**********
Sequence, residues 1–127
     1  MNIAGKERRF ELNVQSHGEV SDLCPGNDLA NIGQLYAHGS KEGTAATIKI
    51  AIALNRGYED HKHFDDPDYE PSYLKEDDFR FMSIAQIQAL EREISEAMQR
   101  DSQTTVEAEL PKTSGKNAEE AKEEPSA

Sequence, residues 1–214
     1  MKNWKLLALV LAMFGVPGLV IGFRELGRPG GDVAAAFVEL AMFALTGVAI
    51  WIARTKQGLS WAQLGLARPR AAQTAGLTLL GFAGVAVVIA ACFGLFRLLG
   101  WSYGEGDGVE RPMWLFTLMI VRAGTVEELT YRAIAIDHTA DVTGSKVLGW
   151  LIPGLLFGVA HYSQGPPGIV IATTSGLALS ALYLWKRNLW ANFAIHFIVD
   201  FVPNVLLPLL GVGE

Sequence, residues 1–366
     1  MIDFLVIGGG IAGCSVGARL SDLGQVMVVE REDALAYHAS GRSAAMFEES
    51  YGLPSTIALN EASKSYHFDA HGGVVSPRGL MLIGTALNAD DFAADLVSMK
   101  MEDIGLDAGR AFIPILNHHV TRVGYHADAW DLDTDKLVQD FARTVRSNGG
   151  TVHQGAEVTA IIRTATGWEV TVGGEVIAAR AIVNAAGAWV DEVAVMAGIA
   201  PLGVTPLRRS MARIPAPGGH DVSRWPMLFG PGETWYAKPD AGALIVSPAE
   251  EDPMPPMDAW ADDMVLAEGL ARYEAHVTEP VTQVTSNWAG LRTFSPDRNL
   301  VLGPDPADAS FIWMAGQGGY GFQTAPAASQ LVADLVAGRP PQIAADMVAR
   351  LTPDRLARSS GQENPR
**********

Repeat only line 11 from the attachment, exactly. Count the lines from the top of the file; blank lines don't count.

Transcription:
Sequence, residues 1–366